Morphine is a wonderful drug for terminal care that reduces oxygen starvation and keeps patients comfortable. It does not help the terminal secretions.
    Last edit by BostonFNP on Jan 30, '13
    popmode77, aknottedyarn, loriangel14, and 1 other like this.
  6. 0
    Quote from cardiacrocks
    Typically, we apply a scopolamine patch to dry up secretions. I've never heard that morphine helped to decrease secretions. It does help with breathing at low doses that is. I had a patient on 1 mg every 30 minutes at end of life. I'm unsure of why atropine was ordered for this patient though, why would you want to increase HR at the end of life? Sometimes it can't be helped, some patients just tug at our heart strings, and can be bothersome for a lot of nurses and other healthcare professionals, there are outlets for you. Please refer to hospice or see if there are any counselors at your facility that can help you through this. So sorry for your loss.
    a variety of anticholinergics are used for terminal secretions, including atropine. Remember that when you apply a scopolamine patch the drug is not effective immediately as it would be with atropine or levsin.

    many patients experience tachycardia at EOL with or without anticholinergics. We weigh the benefit vs. "cost" in adding drugs...death rattle vs. tachycardia and dry mouth...
  7. 3
    Thank you all for the replies. The information I received on morphine drying up terminal secretions came from a hospice nurse. After much research, going through palliative and hospice books and my old pharmacology book from nursing school, I could not find any indication that an opioid would act like an anticholinergic. I felt like I got false information and wanted to ask you who practice in hospice. I appreciate your expertise and eventually want to get into hospice. Thanks again!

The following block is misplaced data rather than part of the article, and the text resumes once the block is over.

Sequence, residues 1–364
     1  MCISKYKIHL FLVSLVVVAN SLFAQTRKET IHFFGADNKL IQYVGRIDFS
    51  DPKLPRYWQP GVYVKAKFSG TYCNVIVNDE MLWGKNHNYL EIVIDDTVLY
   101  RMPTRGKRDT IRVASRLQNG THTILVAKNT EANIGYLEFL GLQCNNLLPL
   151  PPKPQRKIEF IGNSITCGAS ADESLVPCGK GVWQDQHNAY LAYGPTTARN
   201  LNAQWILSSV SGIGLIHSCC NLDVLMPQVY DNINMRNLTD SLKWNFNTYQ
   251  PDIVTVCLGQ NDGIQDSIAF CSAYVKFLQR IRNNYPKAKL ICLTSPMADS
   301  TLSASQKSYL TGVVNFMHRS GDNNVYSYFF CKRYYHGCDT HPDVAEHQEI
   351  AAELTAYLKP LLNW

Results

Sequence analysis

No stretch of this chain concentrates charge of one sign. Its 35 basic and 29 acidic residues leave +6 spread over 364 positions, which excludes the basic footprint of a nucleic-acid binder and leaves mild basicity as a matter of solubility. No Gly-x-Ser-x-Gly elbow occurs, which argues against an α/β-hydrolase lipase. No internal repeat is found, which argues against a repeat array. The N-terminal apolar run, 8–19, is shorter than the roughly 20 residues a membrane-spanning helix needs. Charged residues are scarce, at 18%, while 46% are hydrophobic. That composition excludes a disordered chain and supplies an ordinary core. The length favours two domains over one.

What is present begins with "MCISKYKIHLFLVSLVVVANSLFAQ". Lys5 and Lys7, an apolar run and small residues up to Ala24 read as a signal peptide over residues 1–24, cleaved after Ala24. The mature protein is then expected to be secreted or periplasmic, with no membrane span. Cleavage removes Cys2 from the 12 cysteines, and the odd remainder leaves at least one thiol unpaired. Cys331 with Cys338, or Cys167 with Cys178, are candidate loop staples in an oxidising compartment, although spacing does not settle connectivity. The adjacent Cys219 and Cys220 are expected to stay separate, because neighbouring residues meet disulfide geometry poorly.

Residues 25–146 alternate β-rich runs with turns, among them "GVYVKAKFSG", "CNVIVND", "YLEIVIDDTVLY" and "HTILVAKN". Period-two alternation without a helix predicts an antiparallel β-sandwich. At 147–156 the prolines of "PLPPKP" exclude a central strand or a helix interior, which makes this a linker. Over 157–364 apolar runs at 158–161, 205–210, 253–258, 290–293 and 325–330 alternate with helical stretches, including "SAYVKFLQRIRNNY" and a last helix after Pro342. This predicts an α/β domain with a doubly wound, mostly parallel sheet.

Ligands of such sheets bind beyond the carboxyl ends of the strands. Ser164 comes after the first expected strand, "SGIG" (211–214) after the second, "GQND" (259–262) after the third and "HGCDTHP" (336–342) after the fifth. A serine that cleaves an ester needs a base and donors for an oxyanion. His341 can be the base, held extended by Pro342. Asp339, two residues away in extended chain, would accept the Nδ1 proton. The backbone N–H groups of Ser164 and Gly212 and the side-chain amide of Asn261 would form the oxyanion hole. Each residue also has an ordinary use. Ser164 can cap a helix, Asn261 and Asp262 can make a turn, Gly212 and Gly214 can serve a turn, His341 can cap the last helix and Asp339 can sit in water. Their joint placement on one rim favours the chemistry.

popmode77, aknottedyarn, and tewdles like this.
  8. 1
    Again...can't agree more with Tewdles. Also, if your patient has a history of chronic pain and is not being medicated with long acting pain medication for one reason or another, it is important to consider this in your pain assessment when giving prn SL doses. Getting a patient comfortable is one thing, maintaining that comfort is another--especially when she is unable to tell you, and appears comfortable at the moment. Continual assessment is so important.

    We have a physician who has done research on using levisn and other drying agents with our patients and she is finding that these are often over used as a "standard in eol care." That many patients are becoming dry, creating a new discomfort in our patients for moisture deep in the lungs or when the "death rattle" is heard--which is often times a distress for family members and not for patient's themselves. So again, assessment and benefit vs "cost" to patients.
    tewdles likes this.
  9. 0
    Hi. Are you sure the hospice nurse wasn't talking about the Atropine being prescribed for secretions? Or maybe she mixed up her meds and said Morphine but meant to say Atropine.
  10. 0
    Quote from BostonFNP

    Atropine is a fairly powerful antiach agent that we use for secretions at EoL if they aren't responding to scopolamine (same pharma class, belladonna alks) or glycopyrrolate that can be given by ophthalmic drops to the back if the throat. They have no noticeable systemic effect by that route.

    Morphine is a wonderful drug for terminal care that reduces oxygen starvation and keeps patients comfortable. It does not help the terminal secretions.
    I second this post. Atropine and Morphine were one of our standard orders when I was working hospice.